The Welsh Ornithological Society is calling for volunteers to help survey one of the most familiar farmland birds in Wales this spring. Groups of Rook nests in bare trees are obvious in late winter, and birds will soon return to these traditional colonies to repair and rebuild in readiness for the breeding season. A few adults were hanging around these rookeries in the Conwy Valley on Sunday, but more will return by the start of next month.
Rooks are a bird in decline, now listed as vulnerable to extinction in Europe and recently added to the Amber list of the UK birds of conservation concern. In Wales, the decline is greater than elsewhere in the UK, down by 58% since 1995. This means it qualifies for the Red List, alongside Curlew, Cuckoo and Yellowhammer. When Rooks were more common, they were regarded as an agricultural pest because they eat newly-sown seed and emerging crops. The speed of loss has resulted in Natural Resources Wales making it illegal to kill a Rook without holding a specific licence.
The WOS Rook survey involves a single visit to a pre-determined tetrad (2km x 2km grid square) between 1 March and 15 April, repeating a survey undertaken in 1996. WOS is reminding birdwatchers that nil counts are just as important as confirmed rookeries, and urges people to be ‘zero heroes’. Details of how to take part are on the WOS website.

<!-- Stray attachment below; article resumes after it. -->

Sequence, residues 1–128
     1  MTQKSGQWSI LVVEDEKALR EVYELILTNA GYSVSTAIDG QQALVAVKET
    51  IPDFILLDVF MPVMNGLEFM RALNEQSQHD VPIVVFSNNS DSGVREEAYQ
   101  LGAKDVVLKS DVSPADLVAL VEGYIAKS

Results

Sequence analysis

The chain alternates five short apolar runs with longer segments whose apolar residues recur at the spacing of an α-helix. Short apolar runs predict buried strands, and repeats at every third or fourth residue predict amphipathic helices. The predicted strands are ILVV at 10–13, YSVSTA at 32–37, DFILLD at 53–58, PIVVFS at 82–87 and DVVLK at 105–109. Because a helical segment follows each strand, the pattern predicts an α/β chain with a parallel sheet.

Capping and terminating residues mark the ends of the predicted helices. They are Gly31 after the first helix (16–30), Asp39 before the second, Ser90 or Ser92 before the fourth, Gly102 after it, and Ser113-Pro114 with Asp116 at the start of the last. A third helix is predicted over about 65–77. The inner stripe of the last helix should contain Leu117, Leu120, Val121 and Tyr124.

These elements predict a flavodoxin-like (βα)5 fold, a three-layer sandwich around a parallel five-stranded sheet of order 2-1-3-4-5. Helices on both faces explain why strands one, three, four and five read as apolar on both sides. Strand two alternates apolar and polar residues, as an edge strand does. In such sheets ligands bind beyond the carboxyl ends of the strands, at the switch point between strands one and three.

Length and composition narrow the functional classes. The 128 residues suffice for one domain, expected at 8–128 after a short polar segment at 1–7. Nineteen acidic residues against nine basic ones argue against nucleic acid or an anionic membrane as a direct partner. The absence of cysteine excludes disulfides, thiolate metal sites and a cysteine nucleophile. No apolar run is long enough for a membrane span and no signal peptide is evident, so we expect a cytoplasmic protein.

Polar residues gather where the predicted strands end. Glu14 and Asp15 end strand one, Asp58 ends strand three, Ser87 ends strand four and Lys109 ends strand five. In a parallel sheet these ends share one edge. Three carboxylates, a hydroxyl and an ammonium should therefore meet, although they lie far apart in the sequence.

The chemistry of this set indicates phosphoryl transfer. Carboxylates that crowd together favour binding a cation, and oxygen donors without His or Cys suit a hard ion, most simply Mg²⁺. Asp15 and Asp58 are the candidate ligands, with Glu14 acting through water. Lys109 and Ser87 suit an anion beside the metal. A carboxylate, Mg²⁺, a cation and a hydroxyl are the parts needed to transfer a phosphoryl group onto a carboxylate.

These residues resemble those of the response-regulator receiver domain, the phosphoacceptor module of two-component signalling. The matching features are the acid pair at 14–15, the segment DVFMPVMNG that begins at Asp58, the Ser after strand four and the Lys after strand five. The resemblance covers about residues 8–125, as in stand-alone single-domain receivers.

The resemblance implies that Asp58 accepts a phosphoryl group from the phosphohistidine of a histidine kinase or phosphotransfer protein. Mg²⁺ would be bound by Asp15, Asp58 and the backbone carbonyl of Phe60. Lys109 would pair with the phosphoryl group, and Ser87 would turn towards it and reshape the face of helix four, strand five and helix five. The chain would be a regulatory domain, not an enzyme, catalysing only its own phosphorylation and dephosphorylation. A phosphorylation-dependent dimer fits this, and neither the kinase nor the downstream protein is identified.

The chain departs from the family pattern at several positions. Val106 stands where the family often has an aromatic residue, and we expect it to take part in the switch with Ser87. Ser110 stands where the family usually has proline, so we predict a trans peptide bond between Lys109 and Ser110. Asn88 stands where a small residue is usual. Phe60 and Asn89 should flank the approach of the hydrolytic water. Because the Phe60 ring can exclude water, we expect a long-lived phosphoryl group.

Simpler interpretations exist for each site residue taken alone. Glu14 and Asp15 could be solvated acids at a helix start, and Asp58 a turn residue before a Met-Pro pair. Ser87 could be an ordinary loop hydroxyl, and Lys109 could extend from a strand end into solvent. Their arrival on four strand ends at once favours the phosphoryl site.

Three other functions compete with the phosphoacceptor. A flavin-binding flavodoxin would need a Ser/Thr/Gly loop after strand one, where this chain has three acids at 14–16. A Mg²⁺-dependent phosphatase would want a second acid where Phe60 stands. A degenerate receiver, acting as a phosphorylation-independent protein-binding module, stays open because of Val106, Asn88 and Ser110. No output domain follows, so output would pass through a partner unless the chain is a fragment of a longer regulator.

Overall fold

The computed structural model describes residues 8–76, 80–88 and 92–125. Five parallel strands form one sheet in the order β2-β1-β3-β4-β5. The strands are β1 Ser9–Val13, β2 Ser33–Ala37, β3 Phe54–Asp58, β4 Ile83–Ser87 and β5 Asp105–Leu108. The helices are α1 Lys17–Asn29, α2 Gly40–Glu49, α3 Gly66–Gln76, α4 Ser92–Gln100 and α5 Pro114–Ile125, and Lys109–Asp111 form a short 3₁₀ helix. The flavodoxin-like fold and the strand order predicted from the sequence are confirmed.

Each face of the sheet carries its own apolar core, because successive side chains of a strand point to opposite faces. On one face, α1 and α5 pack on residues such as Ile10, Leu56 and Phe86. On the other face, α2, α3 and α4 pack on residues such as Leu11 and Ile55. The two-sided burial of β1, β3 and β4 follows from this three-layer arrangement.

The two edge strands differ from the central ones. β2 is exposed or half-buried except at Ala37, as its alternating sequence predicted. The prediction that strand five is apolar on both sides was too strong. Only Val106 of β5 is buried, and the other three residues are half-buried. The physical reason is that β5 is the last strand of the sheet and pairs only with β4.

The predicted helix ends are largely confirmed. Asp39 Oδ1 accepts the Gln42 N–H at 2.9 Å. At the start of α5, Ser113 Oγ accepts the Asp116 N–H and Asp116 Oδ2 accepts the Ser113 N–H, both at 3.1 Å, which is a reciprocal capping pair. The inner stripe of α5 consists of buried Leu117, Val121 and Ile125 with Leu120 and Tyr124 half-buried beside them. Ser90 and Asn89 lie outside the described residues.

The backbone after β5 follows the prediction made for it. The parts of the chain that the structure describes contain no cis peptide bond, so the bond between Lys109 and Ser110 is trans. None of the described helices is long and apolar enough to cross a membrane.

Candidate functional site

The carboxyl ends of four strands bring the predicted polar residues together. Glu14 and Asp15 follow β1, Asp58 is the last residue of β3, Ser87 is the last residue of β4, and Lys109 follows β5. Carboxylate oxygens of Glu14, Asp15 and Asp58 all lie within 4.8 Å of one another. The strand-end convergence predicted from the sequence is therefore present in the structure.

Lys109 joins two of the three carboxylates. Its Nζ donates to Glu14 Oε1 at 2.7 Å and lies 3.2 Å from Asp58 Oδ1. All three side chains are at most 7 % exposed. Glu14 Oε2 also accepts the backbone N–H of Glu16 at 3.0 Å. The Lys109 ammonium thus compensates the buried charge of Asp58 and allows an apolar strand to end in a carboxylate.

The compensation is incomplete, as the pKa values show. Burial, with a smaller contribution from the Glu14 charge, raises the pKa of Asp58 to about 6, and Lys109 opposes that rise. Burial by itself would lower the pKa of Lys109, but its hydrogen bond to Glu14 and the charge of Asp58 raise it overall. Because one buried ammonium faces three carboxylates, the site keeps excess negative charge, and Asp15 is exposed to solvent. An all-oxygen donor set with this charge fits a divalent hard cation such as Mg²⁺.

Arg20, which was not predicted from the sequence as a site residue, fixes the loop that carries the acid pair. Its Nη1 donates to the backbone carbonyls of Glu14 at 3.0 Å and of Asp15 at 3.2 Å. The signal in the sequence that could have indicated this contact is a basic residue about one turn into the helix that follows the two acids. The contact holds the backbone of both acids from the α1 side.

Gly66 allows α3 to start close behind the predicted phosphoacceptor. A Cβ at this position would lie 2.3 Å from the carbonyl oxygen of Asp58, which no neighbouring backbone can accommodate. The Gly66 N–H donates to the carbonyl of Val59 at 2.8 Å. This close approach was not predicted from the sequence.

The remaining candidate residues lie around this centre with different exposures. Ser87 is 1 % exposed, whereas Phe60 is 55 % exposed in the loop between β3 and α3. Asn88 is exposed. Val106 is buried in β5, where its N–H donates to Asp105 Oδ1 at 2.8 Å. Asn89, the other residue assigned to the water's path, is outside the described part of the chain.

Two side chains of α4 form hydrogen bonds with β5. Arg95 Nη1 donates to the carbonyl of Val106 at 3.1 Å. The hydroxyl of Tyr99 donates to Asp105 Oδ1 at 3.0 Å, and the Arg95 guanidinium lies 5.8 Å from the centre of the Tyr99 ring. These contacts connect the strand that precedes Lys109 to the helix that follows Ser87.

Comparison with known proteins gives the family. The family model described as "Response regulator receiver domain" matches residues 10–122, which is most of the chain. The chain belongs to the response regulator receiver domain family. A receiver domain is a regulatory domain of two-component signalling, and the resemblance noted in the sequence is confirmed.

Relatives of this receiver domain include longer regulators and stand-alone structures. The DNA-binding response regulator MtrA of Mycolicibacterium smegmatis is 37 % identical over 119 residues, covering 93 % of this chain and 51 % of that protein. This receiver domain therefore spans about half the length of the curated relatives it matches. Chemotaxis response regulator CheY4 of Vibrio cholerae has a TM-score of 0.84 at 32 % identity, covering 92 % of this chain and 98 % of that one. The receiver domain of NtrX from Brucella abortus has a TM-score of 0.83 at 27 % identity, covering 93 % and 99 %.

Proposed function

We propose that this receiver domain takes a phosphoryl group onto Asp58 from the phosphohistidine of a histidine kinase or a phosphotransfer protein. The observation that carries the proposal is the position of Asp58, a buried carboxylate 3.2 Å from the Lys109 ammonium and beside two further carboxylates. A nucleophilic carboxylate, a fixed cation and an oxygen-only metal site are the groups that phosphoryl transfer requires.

Highlights of a windy week include a Firecrest at Penrhos coastal park, a dozen Hawfinches in Llanrwst, two Avocets at RSPB Burton Mere Wetlands and Snow Bunting on the Great Orme. Long-stayers include a Great Grey Shrike near Llyn Brenig, Scaup at RSPB Conwy, Iceland Gull on the Great Orme and Cattle Egrets on Bardsey and near Bodedern.
A weekly update of bird sightings and news from North Wales, published in The Daily Post every Thursday.